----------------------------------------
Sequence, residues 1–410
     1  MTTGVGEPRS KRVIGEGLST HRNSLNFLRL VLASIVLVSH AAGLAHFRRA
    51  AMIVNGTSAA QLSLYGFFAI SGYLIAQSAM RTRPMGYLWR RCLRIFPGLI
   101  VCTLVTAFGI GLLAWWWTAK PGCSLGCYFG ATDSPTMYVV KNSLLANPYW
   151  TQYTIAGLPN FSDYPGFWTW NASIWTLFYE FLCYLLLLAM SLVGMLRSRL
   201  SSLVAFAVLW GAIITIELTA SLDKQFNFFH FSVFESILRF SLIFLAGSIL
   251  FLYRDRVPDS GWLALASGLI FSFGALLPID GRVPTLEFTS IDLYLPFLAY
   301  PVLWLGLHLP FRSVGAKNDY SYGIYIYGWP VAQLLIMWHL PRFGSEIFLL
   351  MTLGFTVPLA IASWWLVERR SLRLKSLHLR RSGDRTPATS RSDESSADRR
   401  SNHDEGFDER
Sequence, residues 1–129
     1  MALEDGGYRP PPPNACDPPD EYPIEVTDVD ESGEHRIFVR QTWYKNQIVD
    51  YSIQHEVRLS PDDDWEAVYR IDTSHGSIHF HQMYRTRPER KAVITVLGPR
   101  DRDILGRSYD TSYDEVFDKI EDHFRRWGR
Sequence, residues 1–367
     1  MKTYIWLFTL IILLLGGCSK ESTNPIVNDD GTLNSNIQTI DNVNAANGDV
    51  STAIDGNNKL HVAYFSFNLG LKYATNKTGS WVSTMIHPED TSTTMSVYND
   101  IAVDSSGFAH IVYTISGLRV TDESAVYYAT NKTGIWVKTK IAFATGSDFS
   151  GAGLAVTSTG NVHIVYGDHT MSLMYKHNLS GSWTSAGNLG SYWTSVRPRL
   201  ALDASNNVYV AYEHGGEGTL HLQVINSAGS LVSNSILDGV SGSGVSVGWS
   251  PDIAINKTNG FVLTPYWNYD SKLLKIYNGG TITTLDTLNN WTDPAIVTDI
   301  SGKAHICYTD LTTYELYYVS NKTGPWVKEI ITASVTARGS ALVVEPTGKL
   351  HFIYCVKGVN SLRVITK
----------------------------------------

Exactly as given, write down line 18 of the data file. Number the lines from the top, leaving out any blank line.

   101  IAVDSSGFAH IVYTISGLRV TDESAVYYAT NKTGIWVKTK IAFATGSDFS